In this paper we present an efficient method for controlling the axial intensity profile of apodized Bessel-beams through a single step of phase-only shaping. The method we present in this paper is more general than the logarithmic axicon approach in that it allows different initial beam radial profiles to be shaped into a desired on-axis profile. Specifically, we consider starting with a Gaussian ring-beam and adjusting its wavefront to produce a desired axial intensity profile. Such a ring beam can be formed, for example, by passing a Gaussian beam through a diffraction grating with concentric grooves [20]. While both phase and amplitude shaping will perform the task, it is either lossy or requires two separate shaping steps. Our phase shaping scheme is inspired by work that has been performed to shape the focal spot of conventional Gaussian beams. An example is shaping the wavefront of a Gaussian beam to create a super-Gaussian beam profile [21] at the focal plane of a lens. The technique we use in this paper to determine the optimum wavefront is the iterative Gerchberg-Saxton (GS) algorithm [22]. The GS algorithm was originally introduced for phase retrieval in electron microscopes [22] and has since found applications in astronomy [23], radial beam shaping [24], pulse shaping [25] and image reconstruction [26]. While it is well-known that the focal plane of a lens is the Fourier transform of the input field, it is less appreciated that there is a Fourier-like mapping of the input radial profile to the axial profile. This allows us to reduce the two dimensional problem to one. In this work we employ a modified version of the GS algorithm with rapid FFT iteration between two domains to optimize the axial profile to a super-Gaussian. We find that the phase shaping can be simplified by controlling the initial divergence of the input beam before the ring Gaussian is formed.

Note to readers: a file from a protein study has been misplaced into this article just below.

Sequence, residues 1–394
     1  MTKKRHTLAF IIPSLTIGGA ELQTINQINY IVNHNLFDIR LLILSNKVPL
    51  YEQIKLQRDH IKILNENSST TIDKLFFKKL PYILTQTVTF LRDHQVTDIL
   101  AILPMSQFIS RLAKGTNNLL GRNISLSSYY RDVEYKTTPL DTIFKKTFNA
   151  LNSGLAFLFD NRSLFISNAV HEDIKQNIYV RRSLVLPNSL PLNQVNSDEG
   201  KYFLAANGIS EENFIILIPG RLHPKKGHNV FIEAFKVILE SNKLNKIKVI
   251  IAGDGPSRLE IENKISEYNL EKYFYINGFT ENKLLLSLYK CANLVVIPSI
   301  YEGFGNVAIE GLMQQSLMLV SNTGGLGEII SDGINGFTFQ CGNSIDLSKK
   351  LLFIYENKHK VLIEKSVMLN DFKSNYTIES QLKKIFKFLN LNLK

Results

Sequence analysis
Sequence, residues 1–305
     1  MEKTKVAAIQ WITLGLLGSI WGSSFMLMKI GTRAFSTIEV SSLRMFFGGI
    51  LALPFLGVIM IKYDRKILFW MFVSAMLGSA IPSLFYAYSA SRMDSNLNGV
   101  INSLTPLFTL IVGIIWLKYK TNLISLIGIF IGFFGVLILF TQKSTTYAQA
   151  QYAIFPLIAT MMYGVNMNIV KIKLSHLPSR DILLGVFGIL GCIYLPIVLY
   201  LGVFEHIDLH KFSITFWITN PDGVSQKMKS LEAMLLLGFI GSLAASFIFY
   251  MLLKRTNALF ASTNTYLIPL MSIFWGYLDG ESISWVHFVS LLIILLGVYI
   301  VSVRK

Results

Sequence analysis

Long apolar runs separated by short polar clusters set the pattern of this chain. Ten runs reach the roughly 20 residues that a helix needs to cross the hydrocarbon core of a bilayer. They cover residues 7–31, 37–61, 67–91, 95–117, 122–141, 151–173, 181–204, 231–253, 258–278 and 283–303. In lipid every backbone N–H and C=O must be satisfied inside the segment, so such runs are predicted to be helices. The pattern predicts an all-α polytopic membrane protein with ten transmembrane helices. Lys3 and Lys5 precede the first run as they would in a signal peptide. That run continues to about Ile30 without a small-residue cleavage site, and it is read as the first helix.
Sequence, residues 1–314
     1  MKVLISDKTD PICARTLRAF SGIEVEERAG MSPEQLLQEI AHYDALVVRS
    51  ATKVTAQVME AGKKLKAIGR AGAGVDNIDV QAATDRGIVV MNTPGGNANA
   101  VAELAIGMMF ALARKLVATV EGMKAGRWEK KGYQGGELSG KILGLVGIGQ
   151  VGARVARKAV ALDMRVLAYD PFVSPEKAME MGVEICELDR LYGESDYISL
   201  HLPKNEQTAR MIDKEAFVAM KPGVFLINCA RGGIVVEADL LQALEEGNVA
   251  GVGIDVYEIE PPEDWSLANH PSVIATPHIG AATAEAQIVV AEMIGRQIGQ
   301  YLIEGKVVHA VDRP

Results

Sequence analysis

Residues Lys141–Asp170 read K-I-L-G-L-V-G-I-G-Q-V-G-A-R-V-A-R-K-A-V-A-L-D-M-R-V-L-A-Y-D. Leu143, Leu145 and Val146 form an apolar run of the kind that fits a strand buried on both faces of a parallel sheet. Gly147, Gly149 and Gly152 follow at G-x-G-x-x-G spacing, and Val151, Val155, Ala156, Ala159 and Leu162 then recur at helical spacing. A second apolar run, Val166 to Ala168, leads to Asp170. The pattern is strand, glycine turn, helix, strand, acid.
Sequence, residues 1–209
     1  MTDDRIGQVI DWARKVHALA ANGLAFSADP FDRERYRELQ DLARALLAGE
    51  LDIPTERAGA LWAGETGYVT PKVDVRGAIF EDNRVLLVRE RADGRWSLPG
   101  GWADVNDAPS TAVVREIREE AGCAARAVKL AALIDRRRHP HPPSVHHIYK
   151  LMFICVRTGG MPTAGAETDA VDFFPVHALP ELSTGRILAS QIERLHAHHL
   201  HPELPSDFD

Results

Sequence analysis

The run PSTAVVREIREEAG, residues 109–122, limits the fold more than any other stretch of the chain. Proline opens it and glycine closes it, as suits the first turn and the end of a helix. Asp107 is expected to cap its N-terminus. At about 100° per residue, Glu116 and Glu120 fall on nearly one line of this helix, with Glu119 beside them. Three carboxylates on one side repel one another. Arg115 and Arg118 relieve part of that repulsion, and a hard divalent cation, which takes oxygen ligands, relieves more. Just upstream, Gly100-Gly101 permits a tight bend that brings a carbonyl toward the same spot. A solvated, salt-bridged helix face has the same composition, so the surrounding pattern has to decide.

## 2. Bessel-Gauss beams

As mentioned in the Introduction, all physical Bessel beams must be of finite extent. One
attractive representation of a finite conical wave is the Gaussian-apodized Bessel beam, also
commonly called the Bessel-Gauss (BG) beam [3]. By starting with an expression for a Gaussian beam tilted with an angle
*γ*_{0} to the *z*-axis it has been shown within the
paraxial approximation that these beams can be expressed analytically by:

*E*

_{0}is the peak field at the origin (

*z*= 0),

*k*is the wavenumber in free space,

*β*= (

*ω/c*)sin

*γ*

_{0}is the projection of the wavenumber on the optical axis,

*w*

_{0}is the characteristic width of the input Gaussian and we have suppressed the exp(

*ikz*−

*iω*

_{0}

*t*) carrier wave. Departing slightly from the notation used in [3], we have expressed the Gaussian beamlet profile in terms of the familiar Gouy phase Φ(